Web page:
scenes and dialogue by:
Based on the
novel "A Sort of Traitors" by:
Tense drama of spies chasing scientist who has secret formula to combat plague. Good direction and cast.
---LEONARD MALTIN'S MOVIE & VIDEO GUIDE
SINISTER CINEMA: Cult film resource offers the video in NTSC format under the US title The Risk.
THE INTERNET MOVIE DATABASE: Cast and crew information is available at this popular film database.
THE PETER CUSHING FILM POSTER SITE: Roger Harris' site offers a vast collection of the beloved British actor's film posters.
THE PETER CUSHING MUSEUM AND ASSOCIATION: Christopher Gullo's haven for everything Cushing with photos, reviews, news, and more.
THE PETER CUSHING SHRINE: Michael Hoaglin's shrine to Cushing with descriptions of all of his films.
Film of a Nigel Balchin Novel
Mr. Nigel Balchin, like the late Nevil Shute, gives the impression that he knows what he is writing about when it comes to what may be called the public aspect of his novels. Work, that is, work as it goes on in the laboratories, offices, and board rooms of this world is an essential part of the lives of his characters, and he makes that work convincing. Suspect, now to be seen at the Queen's Cinema. Bayswater, is based on his novel A Sort of Traitors, and he himself is responsible for the script. The film is produced and directed by Mr. Roy and Mr. John Boulting; they have made a workmanlike job of what was a workmanlike book.
A moral issue is posed in Suspect and that, since it is concerned not so much with private morality as public duty, alone is a welcome surprise. A team of scientists, under the lead of Professor Sewell (Mr. Peter Cushing), is engaged in research on virulent germs that can stamp out bubonic plague and typhus epidemics. It is ready to publish its results when Authority steps in and invokes the Official Secrets Act, since what is designed to cure disease could, in the hands of an enemy, serve to spread it.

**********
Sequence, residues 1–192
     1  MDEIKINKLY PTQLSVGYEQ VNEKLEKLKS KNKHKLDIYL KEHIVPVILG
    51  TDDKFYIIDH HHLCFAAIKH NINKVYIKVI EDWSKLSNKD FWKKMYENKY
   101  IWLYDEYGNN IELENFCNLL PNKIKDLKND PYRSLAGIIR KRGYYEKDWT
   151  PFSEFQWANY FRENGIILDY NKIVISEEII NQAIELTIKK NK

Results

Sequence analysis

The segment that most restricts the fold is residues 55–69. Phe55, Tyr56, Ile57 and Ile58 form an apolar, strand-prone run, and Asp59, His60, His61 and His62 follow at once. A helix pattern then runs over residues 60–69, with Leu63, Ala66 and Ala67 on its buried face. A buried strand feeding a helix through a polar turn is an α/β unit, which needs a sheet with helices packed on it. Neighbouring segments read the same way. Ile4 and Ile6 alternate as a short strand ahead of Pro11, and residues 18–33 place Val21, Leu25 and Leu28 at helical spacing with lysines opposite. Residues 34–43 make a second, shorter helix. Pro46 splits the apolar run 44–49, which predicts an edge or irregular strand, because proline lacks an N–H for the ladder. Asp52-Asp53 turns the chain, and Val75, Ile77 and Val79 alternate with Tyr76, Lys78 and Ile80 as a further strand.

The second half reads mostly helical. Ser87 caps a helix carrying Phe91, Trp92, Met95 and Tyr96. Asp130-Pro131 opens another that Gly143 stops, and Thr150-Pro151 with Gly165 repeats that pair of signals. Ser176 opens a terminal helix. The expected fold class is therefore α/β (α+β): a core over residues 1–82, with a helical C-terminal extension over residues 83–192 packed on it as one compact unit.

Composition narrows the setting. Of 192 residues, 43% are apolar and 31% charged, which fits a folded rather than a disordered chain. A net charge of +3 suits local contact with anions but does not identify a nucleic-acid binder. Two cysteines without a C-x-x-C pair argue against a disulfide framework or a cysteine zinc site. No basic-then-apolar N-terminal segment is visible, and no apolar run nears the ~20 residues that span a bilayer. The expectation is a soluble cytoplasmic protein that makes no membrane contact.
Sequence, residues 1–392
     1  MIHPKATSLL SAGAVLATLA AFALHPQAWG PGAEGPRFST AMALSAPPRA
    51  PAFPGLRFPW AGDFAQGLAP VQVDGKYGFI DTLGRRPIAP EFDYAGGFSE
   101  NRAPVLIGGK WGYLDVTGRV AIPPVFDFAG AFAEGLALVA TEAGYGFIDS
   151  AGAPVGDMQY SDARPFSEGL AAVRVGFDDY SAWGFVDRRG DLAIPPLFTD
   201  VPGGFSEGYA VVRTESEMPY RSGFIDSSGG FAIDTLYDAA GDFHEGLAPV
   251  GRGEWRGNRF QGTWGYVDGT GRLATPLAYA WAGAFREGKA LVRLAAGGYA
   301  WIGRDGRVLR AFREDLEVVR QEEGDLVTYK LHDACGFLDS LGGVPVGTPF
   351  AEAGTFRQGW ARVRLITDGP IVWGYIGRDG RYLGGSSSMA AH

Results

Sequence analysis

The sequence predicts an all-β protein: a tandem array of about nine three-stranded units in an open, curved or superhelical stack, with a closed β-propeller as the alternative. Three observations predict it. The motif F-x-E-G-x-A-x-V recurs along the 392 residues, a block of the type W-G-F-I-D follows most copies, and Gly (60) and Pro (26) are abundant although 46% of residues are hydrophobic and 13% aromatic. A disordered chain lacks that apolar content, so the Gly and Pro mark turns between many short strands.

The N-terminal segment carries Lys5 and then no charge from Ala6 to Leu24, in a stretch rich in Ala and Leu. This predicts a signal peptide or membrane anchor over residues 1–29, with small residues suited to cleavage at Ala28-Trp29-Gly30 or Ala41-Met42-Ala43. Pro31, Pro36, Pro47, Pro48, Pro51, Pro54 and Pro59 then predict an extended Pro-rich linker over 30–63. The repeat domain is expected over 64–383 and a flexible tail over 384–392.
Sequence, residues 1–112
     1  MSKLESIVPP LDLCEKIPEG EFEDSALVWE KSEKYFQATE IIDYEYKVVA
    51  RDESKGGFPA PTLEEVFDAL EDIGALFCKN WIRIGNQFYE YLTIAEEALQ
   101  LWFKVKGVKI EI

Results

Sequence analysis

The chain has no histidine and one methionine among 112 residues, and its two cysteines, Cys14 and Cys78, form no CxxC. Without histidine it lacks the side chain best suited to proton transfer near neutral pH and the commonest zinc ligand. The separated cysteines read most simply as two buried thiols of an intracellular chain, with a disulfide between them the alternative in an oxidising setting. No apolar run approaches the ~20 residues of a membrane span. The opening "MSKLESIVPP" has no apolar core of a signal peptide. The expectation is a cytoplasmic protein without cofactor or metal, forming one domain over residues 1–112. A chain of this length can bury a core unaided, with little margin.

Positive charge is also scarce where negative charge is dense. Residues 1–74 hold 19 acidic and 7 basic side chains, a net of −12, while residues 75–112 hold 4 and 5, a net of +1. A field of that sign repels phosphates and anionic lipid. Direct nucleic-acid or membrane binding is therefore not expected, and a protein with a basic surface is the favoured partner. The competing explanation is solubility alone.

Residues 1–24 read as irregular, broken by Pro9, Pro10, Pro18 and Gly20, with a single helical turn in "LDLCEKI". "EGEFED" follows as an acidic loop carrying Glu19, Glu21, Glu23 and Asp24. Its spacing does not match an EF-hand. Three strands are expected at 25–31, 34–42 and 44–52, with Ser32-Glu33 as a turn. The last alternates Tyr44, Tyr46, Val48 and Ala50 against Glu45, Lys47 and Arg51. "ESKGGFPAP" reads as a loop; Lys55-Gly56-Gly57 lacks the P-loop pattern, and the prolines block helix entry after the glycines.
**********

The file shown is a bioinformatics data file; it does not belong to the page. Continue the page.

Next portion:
The members of the team react to the news in differing ways, and most outspoken in his indignant contempt for the obstruction of Authority is Marriott (Mr. Tony Britton). So far, indeed, does he go in his rebellion that, egged on by no means disinterested persons, he is on the brink of giving the secret documents to an agent (Mr. Donald Pleasence), who claims to represent some good-doing body with a vague title like the International Scientific Information Society. He is contemplating, in other words, a "sort" of treason, and the fact that his motives are pure and unselfish does nothing to make his action less dangerous.
Here, then, is a situation which can be -- and is -- discussed in intelligent terms, and the direction and the acting are duly grateful, although some of the comic moments are awkward, artificial, and embarrassing, Suspect gains much from the playing of the minor parts -- Mr. Thorley Walters, for instance, is admirable as a security officer who hides his shrewdness under an air of absent-minded bewilderment and Mr. Raymond Huntley succeeds in giving startling conviction to a politician who is neither the humbug nor the fool the scientists believe him to be. Miss Virginia Maskell and Mr. Ian Bannen are in able control of the private, emotional side of the story.
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